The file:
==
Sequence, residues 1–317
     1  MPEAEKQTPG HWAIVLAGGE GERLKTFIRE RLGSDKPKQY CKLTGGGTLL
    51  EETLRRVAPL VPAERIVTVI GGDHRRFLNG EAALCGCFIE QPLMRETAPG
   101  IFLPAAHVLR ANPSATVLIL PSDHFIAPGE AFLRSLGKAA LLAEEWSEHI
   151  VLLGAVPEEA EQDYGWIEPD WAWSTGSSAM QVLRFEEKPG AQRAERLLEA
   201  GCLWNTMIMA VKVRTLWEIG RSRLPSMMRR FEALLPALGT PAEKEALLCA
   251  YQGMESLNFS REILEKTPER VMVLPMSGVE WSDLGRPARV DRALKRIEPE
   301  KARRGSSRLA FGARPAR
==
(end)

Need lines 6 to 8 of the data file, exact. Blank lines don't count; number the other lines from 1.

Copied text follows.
   201  GCLWNTMIMA VKVRTLWEIG RSRLPSMMRR FEALLPALGT PAEKEALLCA
   251  YQGMESLNFS REILEKTPER VMVLPMSGVE WSDLGRPARV DRALKRIEPE
   301  KARRGSSRLA FGARPAR